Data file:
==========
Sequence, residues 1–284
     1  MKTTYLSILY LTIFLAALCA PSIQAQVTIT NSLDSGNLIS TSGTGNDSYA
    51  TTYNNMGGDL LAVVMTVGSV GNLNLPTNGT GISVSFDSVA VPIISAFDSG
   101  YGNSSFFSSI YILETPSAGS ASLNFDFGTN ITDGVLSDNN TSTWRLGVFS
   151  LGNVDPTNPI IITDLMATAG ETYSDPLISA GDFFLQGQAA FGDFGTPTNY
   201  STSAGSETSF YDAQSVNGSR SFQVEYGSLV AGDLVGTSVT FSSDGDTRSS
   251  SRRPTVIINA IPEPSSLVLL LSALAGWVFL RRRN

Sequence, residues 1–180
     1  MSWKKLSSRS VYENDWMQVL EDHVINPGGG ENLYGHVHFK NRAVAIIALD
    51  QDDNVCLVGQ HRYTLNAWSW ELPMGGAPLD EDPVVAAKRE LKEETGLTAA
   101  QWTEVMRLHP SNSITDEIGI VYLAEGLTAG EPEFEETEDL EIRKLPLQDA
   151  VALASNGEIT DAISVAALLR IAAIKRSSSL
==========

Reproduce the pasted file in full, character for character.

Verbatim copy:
Sequence, residues 1–284
     1  MKTTYLSILY LTIFLAALCA PSIQAQVTIT NSLDSGNLIS TSGTGNDSYA
    51  TTYNNMGGDL LAVVMTVGSV GNLNLPTNGT GISVSFDSVA VPIISAFDSG
   101  YGNSSFFSSI YILETPSAGS ASLNFDFGTN ITDGVLSDNN TSTWRLGVFS
   151  LGNVDPTNPI IITDLMATAG ETYSDPLISA GDFFLQGQAA FGDFGTPTNY
   201  STSAGSETSF YDAQSVNGSR SFQVEYGSLV AGDLVGTSVT FSSDGDTRSS
   251  SRRPTVIINA IPEPSSLVLL LSALAGWVFL RRRN

Sequence, residues 1–180
     1  MSWKKLSSRS VYENDWMQVL EDHVINPGGG ENLYGHVHFK NRAVAIIALD
    51  QDDNVCLVGQ HRYTLNAWSW ELPMGGAPLD EDPVVAAKRE LKEETGLTAA
   101  QWTEVMRLHP SNSITDEIGI VYLAEGLTAG EPEFEETEDL EIRKLPLQDA
   151  VALASNGEIT DAISVAALLR IAAIKRSSSL